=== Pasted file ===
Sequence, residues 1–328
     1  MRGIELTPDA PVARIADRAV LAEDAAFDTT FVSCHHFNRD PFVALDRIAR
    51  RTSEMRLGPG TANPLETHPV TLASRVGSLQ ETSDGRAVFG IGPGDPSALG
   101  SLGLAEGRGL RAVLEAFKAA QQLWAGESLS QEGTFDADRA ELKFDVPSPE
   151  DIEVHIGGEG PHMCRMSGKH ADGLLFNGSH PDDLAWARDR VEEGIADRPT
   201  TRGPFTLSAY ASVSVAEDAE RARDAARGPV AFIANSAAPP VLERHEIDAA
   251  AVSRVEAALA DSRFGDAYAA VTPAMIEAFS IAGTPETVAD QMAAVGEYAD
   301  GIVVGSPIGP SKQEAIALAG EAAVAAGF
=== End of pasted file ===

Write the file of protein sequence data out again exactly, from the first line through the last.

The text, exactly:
Sequence, residues 1–328
     1  MRGIELTPDA PVARIADRAV LAEDAAFDTT FVSCHHFNRD PFVALDRIAR
    51  RTSEMRLGPG TANPLETHPV TLASRVGSLQ ETSDGRAVFG IGPGDPSALG
   101  SLGLAEGRGL RAVLEAFKAA QQLWAGESLS QEGTFDADRA ELKFDVPSPE
   151  DIEVHIGGEG PHMCRMSGKH ADGLLFNGSH PDDLAWARDR VEEGIADRPT
   201  TRGPFTLSAY ASVSVAEDAE RARDAARGPV AFIANSAAPP VLERHEIDAA
   251  AVSRVEAALA DSRFGDAYAA VTPAMIEAFS IAGTPETVAD QMAAVGEYAD
   301  GIVVGSPIGP SKQEAIALAG EAAVAAGF